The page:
Thanks to United buddy passes, the flight expenses of our around the world trip are significantly lower. On the way down to South America we got very lucky and made it onto the first flight we were listed on, even got the exit row!
Flying with United Buddy Passes mean we fly on Standby. And as anyone who’s flown lately knows, it’s rare to find a flight that isn’t full.
The way back hasn’t been quite so easy for us. We left Cartagena on Friday at 3pm, after arriving at 8am. We booked a flight on a Colombian airline after we weren’t able to change our VivaColombia flight.
Travel time count: 7 hours to Bogota
We were excited to get to Bogota because the flight to Houston looked very promising. We checked in at the United kiosk since yhere was not a United desk or booth open. However when we checked in at the gate after sitting in BOG for 6 hours we were informed that we were supposed to have taken care of some sort of Colombian tax issue with a desk upfront. The gate agent was noticeably not a fan of us, and I had a bad feeling. Sure enough the 12 seats were given to others and at 2am we were escorted back through customs and told to try again for the 8:30am flight.
Travel time count: 18 hours, still in Bogota
Since check-in for the flight began at 6am we
slept laid in the only available place, the uncomfortable plastic benches in the arrivals areas. Being a light sleeper I knew this wasn’t going to happen for me. After 30 minutes, or about 3:45 the arrivals area was a bustle of airport employees and the doors were propped open, allowing the 47 degree air to assault my exposed feet and ankles. I gave up after an hour and half heartedly read on my tablet while Ben snored on the bench in front of me. After seeing that both of the daily flights to the US were booked fully with long standby lists, I began contacting Airbnb listings in Bogota. As Ben awoke, I was convinced there was no way we’d make it on either the Houston or Newark flight, and exhausted and defeated I suggested we head to the apartment that would allow an 8am check-in time. All I could think of was sleeping.
Travel time count: 23 hours, still in Bogota
At 6:50am Ben argued that we may as well try for the Houston flight, even though it was full with 7 on standby. After we check-in and wait in the anxious stand-by area next to the check-in deak. I nervously check the United website every 5 minutes or so, and 50 minues before the flight I see we’re numbers 4, 5 on the list of 12. I curse each person who runs up to the gate right at the 45 minute bag cut off, I count 7. Those could have been our seats!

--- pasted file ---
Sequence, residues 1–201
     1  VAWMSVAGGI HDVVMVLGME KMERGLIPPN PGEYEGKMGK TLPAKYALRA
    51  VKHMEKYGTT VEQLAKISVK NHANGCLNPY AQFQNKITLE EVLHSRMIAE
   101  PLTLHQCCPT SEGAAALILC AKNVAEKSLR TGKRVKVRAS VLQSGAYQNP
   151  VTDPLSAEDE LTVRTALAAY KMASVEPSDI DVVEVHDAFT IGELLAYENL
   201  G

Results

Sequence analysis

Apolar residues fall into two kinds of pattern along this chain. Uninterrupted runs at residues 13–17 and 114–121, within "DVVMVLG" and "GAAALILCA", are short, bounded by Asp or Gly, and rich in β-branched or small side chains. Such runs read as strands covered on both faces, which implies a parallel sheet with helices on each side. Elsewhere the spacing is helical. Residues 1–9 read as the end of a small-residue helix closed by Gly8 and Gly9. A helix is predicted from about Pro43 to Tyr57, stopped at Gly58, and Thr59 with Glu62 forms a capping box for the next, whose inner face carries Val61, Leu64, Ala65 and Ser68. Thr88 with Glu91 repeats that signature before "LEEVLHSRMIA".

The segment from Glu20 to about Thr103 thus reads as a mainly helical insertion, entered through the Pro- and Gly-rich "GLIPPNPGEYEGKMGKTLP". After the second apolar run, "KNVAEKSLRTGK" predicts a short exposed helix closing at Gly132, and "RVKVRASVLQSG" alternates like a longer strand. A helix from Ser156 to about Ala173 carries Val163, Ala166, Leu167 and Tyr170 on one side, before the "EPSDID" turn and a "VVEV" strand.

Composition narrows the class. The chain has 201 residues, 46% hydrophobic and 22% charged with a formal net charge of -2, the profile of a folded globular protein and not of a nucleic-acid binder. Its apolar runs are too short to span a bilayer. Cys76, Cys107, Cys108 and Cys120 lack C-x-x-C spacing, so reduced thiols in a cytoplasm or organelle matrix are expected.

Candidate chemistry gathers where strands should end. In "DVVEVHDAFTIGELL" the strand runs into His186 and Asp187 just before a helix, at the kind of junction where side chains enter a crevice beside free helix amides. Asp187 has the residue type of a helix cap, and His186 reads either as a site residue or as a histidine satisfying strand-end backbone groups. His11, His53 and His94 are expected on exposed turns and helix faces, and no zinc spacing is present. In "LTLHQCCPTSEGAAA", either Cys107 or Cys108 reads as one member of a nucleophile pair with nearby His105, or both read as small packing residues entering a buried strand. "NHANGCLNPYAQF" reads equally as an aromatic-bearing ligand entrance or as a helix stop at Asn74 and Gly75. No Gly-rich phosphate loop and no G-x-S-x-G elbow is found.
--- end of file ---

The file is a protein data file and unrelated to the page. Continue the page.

Finally the first three names on the list are called and given seats. And as our names are called an ear to ear grin takes over my face, but quickly vanishes when we’re told we don’t actually have seats.
Yet again we’re going through customs and security, but we don’t actually have seats.
“This feels like a mean joke” I say to Ben as we wait in the longest customs line I’ve ever seen at a South American airport. Another passport stamp that will probably be followed by another anulado stamp.
Sure enough after clearing security and sprint to the gate, the agent says no. But urges us to try the Newark flight at the neighboring gate. The Newark flight that is overbooked by 2 seats.
The gate agent nods in recognition, the same guy who was chatty with us as he checked us in. The same guy who told us weekends are really bad for flying standby. You were right dude!
But fortune smiled down upon us, apparently several people didn’t show for the flight. Our names jump to the top positions on the Newark standby list, and we receive the only 2 standby seats. I’m giddy with excitement as I take my middle seat, and glancing to the row behind me flash Ben a big smile.
Travel time count: 25 hours, leaving Bogota FINALLY
By the time the wheels were up I was asleep, dreaming of a hot shower in the United States. 5 hours later we landed in good ole ‘Merika, immediately recognizing the rude shouts of Immigration amd TSA workers.
“What were you doing in Colombia for two months? ” the Immigration officer questions.
“Oh just setting up my Global drug trade business”, I wanted to say but instead explained we were traveling around both Ecuador and Colombia as tourists.
Still only hearing the name Colombia she smirks, “Oh yeah? And how was that?” ending the sentence with a grunt. Lovely welcome back home, per usual.
Having spent 2 months in Colombia in the past 2 years, this attitude held by many Americans toward Colombia continues to sadden me. Things are changing folks, Colombia isn’t all guerillas and cocaine, read a damn book!
Travel time count: 30 hours, in Newark
After checking in with a United employee we’re told with more of the Jersey rudeness that we’re pretty much screwed.
And she was right as we spent a night in a motel near Newark last night. A hotel with nice sheets, an actual comforter, and most importantly HOT WATER! That was my first warm shower in 15 days. Americans don’t know how good we have it.
Travel time count: 36 hours, still in Newark
At 9am this morning, everyone of the flights to Denver is fully/overbooked and there is a standby list of 17 people ahead of us. After visiting the service desk and learning basically every United flight was booked today, I broke down and bought a 9pm flight to Houston followed by a 6am flight to Denver. Another night in a airport sounds horrible, but at least we have seats.
We’re currently camped out at the United Club, looking like shell shocked war refugees than the business travelers seated around us, our backpacks resulting in second glances. Something tells me we’re the only NonRev passengers here.
Only 8 hours more until our flight to Houston! You can find us in the United Club enjoying delicious dark cheap beers, English tv, and great wi-fi.
Current travel time count: 50 hours (I think?) still in Newark